‘Prophecies’ Bores

Real life origins fail to terrify audiences

By Vijay A. Bal

Contributing Writer

The Mothman Prophecies begins with some intriguing title credits—unfortunately, it pretty much rolls downhill from there. The film stars Richard Gere (who seems to have reached the pinnacle of his acting career with Robert Altman’s sorely underrated Dr. T and the Women) as John Klein, a star reporter for The Washington Post who loses his wife (Debra Messing) in a car accident that may or may not have been predicted by a mysterious Mothman. A certain spark, courtesy of director Mark Pellington, energizes these opening scenes: the car accident itself is well-staged and slightly creepy, but the rest of the film lacks the tension required of a successful thriller. The film also lacks the elements required of a successful paranormal mystery; consequently, the whole movie falls into a sort of dead zone.

After his wife’s death, Klein is sucked into the mystery behind the Mothman. Due to some mysterious twists of fate, he spends the better part of the film’s latter half investigating Mothman sightings in a small town in West Virginia. Luckily, Klein soon finds a partner, Sgt. Connie Parker, to help him unravel the mystery behind the Mothman. Along the way, the two encounter many townspeople who claim to have seen, and in some cases spoken to, the Mothman. Sgt. Parker is played by Laura Linney, who brings the same subtlety and sense of timing to Prophecies that she lent to her Academy Award-nominated role in You Can Count on Me.

Since this film is allegedly a supernatural thriller-cum-mystery, it would be unfair of me to go into any further plot details. I will say that, by the movie’s end I was left feeling empty. The final set piece is well-staged, but by that point I was so disinterested in the mystery surrounding the Mothman that I became involved in the film solely on a technical level. Though the idea of a Mothman that predicts and may cause disasters is somewhat interesting, the film fails to build any significant tension or interest with regard to its title character. Another detracting factor is that since the film is based on true events (though probably loosely), the audience knows that the film must maintain a certain element of realism, which detracts from the suspense that could be derived from a purely fictional supernatural film.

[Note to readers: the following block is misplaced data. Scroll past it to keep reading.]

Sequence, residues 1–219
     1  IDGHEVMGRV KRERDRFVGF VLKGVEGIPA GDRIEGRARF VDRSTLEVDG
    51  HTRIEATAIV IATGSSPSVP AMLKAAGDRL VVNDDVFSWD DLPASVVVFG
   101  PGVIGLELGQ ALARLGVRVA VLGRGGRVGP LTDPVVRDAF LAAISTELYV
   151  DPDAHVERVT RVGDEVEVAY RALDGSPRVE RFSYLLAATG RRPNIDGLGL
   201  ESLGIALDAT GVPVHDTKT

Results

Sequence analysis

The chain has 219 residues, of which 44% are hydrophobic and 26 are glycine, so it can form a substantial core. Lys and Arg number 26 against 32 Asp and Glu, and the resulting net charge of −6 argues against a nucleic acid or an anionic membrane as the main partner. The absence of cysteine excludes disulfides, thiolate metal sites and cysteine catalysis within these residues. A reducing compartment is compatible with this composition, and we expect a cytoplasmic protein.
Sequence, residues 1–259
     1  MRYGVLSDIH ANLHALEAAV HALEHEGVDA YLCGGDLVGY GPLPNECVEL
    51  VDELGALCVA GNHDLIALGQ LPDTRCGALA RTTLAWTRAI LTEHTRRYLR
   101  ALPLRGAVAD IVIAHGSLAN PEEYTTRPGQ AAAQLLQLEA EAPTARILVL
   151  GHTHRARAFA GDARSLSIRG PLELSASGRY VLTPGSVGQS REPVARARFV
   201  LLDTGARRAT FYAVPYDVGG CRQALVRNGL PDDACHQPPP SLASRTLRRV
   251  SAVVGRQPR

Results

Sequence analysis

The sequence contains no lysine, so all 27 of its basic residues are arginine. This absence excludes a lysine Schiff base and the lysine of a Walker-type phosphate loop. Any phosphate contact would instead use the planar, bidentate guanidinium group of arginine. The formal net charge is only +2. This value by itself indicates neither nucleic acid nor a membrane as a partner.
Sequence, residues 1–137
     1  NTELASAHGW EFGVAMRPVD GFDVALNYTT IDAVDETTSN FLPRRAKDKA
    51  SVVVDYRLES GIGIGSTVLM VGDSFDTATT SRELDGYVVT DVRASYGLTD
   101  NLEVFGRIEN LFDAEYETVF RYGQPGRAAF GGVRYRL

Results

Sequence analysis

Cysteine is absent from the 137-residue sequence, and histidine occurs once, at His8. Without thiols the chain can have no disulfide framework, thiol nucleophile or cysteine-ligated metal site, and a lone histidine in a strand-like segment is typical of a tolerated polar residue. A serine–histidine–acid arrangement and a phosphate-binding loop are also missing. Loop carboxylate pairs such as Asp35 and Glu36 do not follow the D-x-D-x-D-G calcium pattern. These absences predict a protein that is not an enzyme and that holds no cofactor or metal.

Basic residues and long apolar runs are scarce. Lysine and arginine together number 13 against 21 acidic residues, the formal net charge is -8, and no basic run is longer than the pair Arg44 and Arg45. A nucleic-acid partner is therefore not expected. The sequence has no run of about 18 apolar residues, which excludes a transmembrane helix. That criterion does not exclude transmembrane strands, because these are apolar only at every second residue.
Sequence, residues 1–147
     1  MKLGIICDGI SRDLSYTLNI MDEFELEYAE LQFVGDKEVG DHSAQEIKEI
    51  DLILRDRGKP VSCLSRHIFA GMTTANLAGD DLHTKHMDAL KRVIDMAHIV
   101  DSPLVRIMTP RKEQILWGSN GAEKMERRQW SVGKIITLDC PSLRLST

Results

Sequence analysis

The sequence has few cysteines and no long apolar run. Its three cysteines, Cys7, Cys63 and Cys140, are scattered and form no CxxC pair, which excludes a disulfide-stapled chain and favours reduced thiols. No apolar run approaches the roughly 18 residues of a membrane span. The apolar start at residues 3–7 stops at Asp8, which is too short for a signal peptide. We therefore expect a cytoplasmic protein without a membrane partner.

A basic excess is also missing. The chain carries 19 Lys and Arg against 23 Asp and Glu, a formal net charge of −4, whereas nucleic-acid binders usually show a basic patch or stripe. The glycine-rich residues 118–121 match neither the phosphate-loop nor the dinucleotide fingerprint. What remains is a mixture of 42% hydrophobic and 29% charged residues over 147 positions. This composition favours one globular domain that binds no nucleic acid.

Pellington, who helmed the mediocre Arlington Road, is competent, but his style seems a little too flashy for the material. Between every scene Pellington uses loud disjointed transitions, and though this is somewhat interesting at first, it soon becomes clear that he only does so because he has no clue how to segue from one scene to another. He also fails to set the proper tone and atmosphere, both of which should be vital in Mothman. Another problem is that his obvious visual tricks—superimposing images, Mothman-like figures and red eyes scattered all over, quick camera movements to emphasize urgency—never really build the sense of paranoia or tension it intends to, instead disconnecting the viewer from the film.

In the end, if Mothman is neither a thriller nor paranormal mystery, the question arises: what type of film is it? It is based on the kind of story that may be interesting to read a few blurbs about in the back of your local paper, but it certainly cannot support a feature film; any interest in the film’s so-called mysteries dissipate quickly. It is also the type of film that has no faith in its audience, reiterating the same points. Lines such as, “Whatever brought you here brought you here to die,” represent the film’s epitome of chilling dialogue. However, all of that having been said, Mothman is not a completely bad film; it just never really engages the viewer. By the end, audiences will be ready to chalk up many of the film’s occurrences to mere coincidence. This is Mothman’s primary shortcoming—though it tries to raise a lot of questions, in the end I didn’t care what the answers were. What I really wanted to know is what Linney was doing wasting her talent on this mediocre picture, how many different ways Gere could grimace in one film in a vain attempt to emote or, perhaps the greatest question of all, why this film was ever made...Now that’s a real unsolved mystery.



Richard Gere

Laura Linney

Lakeshore Entertainment